These February days call for reviving with a cup of hot tea, and one among you has loved peppermint tea, "particularly Numi brand." So he or she wants to know "how to use my big mint bed, just sprouting up green in the yard, to make a homemade batch?"

Yeast of the Ridge has for many years asked questions about food. So she filled in this morning's queries to keep you thinking. "Where can one buy pots of fresh herbs? Does any grocery sell them, or do you have to go to a plant store? What is the best immersion blender, and are flat wire whisks as good as round ones? And I am always in the market for some proven slow-cooker recipes."



Joe Jumper, whose Clay Pot florist is also sometimes home to Clay Pot cookbooks, is a seasoned cook whose family enjoys festive events. "Joe's Hot Sausage Dip is a recipe I came up with that our family enjoys for the holidays. It's so easy to make and is always a crowd favorite."

Joe's Hot Sausage Dip

1 pound ground sausage

1 (10-ounce) can original Rotel, drained

1 (8-ounce) package cream cheese, softened

3 cups shredded sharp cheddar cheese

Heat oven at 350 degrees. Cook sausage in a large skillet; drain well. In mixing bowl, stir together cooked sausage, drained Rotel, softened cream cheese and 2 cups shredded cheese. Spoon into a lightly greased 1-quart baking dish. Sprinkle 1 cup shredded cheese on top. Bake for 35 minutes or until bubbly. Serve with Scoops.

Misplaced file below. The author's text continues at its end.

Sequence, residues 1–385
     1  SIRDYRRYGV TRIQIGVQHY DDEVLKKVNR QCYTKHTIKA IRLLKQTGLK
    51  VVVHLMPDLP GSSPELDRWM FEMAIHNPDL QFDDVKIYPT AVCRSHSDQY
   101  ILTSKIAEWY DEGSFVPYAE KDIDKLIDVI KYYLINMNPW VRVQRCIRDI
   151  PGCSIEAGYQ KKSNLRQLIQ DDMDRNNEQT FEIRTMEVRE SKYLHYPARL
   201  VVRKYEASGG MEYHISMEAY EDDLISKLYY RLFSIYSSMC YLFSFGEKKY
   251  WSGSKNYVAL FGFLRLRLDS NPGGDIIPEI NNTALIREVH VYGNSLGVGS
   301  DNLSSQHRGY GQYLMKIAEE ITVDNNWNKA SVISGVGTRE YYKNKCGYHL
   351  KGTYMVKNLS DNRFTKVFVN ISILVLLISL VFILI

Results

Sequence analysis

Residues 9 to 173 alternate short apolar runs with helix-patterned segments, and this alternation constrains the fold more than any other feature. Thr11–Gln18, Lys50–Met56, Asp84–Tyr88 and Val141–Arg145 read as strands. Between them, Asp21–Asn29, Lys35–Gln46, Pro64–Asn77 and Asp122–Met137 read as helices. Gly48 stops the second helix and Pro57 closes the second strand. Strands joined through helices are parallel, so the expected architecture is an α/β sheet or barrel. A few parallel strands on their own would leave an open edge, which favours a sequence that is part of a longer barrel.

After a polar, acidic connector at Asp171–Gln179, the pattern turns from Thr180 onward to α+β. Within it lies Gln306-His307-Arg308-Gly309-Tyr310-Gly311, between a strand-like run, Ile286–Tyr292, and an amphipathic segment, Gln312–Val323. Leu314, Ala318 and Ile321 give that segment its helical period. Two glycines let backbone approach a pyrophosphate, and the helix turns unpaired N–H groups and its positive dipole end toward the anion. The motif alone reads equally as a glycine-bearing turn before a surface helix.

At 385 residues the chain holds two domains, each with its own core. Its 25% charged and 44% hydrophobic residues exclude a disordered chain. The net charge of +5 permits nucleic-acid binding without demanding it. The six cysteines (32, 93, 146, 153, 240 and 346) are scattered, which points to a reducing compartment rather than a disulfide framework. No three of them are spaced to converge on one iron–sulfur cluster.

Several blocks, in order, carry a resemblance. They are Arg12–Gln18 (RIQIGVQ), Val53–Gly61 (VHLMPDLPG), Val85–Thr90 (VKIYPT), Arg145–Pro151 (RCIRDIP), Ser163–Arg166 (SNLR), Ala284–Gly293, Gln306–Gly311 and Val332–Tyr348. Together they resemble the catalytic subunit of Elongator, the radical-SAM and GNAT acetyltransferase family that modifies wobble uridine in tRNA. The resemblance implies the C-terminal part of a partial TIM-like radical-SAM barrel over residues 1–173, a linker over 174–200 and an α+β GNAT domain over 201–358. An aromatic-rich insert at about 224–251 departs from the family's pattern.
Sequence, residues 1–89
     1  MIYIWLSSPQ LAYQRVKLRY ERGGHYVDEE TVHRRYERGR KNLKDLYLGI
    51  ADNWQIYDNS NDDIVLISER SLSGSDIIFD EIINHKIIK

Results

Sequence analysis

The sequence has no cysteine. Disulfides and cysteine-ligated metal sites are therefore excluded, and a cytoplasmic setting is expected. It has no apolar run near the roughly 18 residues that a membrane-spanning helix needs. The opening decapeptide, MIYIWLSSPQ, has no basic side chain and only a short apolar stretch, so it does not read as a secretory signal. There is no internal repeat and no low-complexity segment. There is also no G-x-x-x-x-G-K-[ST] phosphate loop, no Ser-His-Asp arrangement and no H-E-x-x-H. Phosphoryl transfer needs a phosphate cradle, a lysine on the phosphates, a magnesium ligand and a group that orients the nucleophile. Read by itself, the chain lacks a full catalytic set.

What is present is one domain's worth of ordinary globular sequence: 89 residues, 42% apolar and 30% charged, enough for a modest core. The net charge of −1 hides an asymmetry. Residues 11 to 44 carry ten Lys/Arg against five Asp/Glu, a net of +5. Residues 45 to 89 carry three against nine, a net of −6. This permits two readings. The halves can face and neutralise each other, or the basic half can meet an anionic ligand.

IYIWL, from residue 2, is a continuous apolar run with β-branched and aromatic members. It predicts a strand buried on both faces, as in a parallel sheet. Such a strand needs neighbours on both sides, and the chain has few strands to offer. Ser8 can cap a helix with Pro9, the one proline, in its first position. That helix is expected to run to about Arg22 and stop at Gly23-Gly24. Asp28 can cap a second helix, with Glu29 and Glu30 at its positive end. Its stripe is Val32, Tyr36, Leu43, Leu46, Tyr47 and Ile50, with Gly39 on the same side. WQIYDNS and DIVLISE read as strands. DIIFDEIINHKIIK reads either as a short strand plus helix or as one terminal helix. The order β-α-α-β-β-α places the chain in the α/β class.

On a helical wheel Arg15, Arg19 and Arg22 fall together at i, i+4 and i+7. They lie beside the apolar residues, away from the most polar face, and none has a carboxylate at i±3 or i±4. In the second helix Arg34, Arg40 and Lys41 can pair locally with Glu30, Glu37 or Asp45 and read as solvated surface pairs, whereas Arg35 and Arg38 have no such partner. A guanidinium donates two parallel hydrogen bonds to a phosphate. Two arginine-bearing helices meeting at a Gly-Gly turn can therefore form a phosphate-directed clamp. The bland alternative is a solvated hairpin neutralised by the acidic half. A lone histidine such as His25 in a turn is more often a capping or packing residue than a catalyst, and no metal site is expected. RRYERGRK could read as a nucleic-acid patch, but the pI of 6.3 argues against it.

Sandra Oliver had an Italian Cream Cake that "is hard to beat. It came from a former caterer, Ann Slack, who lived in Red Bank. She used this often for wedding cakes and other special events." And we have it on a certain authority that a really good Italian Cream Cake, even if it's not the currently secret version from the late Mom's Pizza, should be just fine. Perhaps even a fine Valentine's Day dessert?

Italian Cream Cake

1 stick margarine

1/2 cup shortening

2 cups sugar

5 egg yolks

2 cups flour

1 teaspoon soda

1 cup buttermilk

1 teaspoon vanilla extract

7 ounces coconut

1 cup chopped pecans

5 egg whites, stiffly beaten

Cream margarine and shortening with sugar. Add egg yolks one at a time, and beat well after each.

Combine flour and soda, and add to creamed mixture, alternately with buttermilk. Stir in vanilla, coconut and pecans. Fold in egg whites.

Bake in 3 greased round 8-inch pans at 350 degrees for 25 minutes. Frost with the following frosting.


1/2 stick margarine or butter

1 (8-ounce) package cream cheese

1 box powdered sugar

1 teaspoon vanilla extract

Chopped pecans

Cream butter and cream cheese. Add powdered sugar and vanilla to combine. Add pecans.

Double the frosting recipe to completely cover sides and put on a decorated border.